The Theory of Webcomics: How Webcomics Make Money

The question is how webcomics make money. The answer is: Most of them don’t, but the ones that do usually rely on numerous sources. These typically include advertisements on the site, donations from readers, merchandise sales, and paid online content.

The webcomic itself can play several fundamental roles, all of which rest on the same idea: You come to the site to read the comic.

When the revenue source is advertising, the comic consists of a draw that makes the presence of advertising acceptable, in the same model as a TV show. Depending on the hosting site (and the author’s preferences) these can be Google text ads, banner ads put together by Project Wonderful and similar ad brokers, or customized ads solicited and designed by the artist himself. The former two are the easier choice, and typically the available ones to smaller comics with less traffic. More popular comics can often solicit advertisements from online retailers or other comics. The biggest comics, such as Penny Arcade [link:], have been known to attract advertisements from companies looking to tap into their audience, such as Sega.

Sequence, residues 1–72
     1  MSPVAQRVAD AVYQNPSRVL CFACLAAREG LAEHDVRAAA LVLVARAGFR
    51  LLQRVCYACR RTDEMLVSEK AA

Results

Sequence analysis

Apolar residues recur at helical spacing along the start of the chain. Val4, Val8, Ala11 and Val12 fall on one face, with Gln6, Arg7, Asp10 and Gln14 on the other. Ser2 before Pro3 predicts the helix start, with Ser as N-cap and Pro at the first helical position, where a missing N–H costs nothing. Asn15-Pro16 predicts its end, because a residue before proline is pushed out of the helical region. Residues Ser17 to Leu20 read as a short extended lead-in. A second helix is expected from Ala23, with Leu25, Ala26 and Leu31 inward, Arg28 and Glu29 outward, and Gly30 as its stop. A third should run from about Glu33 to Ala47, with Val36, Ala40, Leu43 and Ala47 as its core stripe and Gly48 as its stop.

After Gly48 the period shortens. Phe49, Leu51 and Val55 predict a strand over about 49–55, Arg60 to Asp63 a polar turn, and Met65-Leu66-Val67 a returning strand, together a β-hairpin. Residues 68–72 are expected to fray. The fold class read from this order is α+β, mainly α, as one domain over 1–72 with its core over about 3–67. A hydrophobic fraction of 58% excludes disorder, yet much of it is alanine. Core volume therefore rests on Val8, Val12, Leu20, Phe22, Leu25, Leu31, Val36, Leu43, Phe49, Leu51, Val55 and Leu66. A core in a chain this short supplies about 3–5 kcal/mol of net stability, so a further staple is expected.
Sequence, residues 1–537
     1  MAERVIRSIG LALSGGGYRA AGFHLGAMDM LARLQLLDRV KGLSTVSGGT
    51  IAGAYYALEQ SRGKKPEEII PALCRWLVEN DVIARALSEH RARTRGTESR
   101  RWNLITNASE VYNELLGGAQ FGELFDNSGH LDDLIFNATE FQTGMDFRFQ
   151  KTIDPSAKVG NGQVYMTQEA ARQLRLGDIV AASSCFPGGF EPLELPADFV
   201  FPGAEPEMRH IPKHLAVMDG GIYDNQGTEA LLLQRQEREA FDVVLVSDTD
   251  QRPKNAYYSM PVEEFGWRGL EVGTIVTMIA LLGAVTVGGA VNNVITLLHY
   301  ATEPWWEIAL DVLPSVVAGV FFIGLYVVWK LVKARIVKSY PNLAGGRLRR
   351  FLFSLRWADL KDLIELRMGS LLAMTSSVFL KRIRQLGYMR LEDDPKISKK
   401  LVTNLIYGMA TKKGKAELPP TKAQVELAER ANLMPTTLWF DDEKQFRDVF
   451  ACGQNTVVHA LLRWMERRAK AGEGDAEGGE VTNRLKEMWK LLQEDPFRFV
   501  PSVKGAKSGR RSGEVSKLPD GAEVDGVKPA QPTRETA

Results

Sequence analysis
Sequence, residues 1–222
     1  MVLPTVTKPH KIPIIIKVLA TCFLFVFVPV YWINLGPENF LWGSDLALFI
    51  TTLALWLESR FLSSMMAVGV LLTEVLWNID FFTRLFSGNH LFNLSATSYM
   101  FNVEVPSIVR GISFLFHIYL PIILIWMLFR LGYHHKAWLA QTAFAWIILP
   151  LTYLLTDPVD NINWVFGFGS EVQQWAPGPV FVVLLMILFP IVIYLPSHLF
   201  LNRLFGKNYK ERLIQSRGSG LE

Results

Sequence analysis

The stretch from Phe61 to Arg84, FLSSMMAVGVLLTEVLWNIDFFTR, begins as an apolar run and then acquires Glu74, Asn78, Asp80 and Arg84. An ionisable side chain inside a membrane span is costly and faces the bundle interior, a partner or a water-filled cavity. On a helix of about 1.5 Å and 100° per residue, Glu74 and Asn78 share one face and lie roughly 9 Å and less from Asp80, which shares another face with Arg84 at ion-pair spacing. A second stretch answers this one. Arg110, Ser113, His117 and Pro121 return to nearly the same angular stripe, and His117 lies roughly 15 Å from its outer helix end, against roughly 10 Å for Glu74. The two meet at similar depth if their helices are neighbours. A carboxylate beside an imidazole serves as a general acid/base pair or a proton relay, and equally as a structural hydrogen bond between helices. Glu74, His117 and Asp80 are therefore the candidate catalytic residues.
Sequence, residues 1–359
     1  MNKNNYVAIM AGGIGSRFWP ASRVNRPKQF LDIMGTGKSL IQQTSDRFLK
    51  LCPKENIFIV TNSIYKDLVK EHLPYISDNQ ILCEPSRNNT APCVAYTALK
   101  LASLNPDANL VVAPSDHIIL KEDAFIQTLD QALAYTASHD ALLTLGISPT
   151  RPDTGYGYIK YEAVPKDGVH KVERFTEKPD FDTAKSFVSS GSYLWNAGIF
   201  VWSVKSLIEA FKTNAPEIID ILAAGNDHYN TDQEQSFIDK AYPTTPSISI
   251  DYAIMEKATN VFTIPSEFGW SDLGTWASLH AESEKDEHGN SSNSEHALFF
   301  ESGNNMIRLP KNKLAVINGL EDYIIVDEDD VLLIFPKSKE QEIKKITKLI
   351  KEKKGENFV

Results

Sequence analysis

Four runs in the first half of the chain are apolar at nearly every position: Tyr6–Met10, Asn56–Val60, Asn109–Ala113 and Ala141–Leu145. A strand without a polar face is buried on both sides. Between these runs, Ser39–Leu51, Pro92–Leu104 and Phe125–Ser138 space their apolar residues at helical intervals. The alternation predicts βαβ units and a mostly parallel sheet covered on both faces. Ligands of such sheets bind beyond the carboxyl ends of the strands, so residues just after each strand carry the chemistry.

When discussing donations, the comic plays the role of a bridge or connection between the author and the audience. The author is typically closer and more responsive to audience feedback than a novelist or print comic author could be, often maintaining comic forums or a Livejournal to communicate with them. Over time, the audience thinks of the author not as a faceless comic-making entity, but as a friend who gives them free stuff and deserves to be rewarded for that. Randy Milholland is the undisputed master of this, having dared his readership that he would quit his day job if they’d donate a year’s salary. Which, in a matter of days, they did.


Webcomics You Should Be Reading: ‘Something*Positive’

Randy Milholland is a very, very angry man. He distills that anger into the purest form of hate known to man, which he uses as ink. And with that ink, he effects a marvelous transformation of rage into humor, he creates Something*Positive.

Of course, as many an astute reader has noticed, “Your comic isn’t positive at all! It’s mean!”

S*P is based in Milholland’s real life, and follows the adventures of Davan MacIntire (obviously modeled on Milholland) and his friends as they find and lose love, perform irreverent musicals, play inventive role-playing games, deal with family troubles, and cause amusing property damage and extreme bodily harm to those who incite them.